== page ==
The GEF is a funding mechanism and knowledge-sharing partner for projects like this that benefit the global environment; but in order to make effective use of its resources, our partners need to have an understanding of the current GEF strategies, policies and procedures – how to get funding, how to follow up on the projects, and what impact is expected as a result.
The GEF and its network of partners, like the environment itself, is a complex organism. We adjust how we operate to serve an ever-shifting political and environmental landscape and staying up-to-date on our latest modus operandi can be a challenging job. We’re also asking our partners to drive substantial change in their countries where they might not see immediate results – another extremely difficult task. The Country Relations team and I use our diplomatic skills in negotiation, environmental issues, and bilateral relations to ensure our partners understand how the GEF works and can use the resources it provides to support their national efforts.
One key tool we use to share knowledge about the GEF is the Expanded Constituency Workshops (ECWs). These workshops were born out of a need for stakeholders within governments who are responsible for GEF activities – called GEF “focal points” – to understand how we work and provide clear expectations of their responsibilities. We are running 11 of these workshops around the world this year.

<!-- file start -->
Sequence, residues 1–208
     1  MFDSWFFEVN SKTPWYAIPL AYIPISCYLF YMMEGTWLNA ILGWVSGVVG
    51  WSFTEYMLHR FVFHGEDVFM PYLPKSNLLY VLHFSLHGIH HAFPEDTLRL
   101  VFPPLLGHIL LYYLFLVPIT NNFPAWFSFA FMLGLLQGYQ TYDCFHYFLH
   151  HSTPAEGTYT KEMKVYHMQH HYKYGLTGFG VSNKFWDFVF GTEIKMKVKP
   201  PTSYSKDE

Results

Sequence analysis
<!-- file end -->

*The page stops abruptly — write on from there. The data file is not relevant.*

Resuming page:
GEF focal points, usually two from each recipient country government, attend the workshops, but so do other stakeholders – representatives from civil society groups, staff from implementing and executing partners, government staff who are responsible for the Conventions the GEF serves – who could potentially benefit from a better understanding of the GEF and how it works.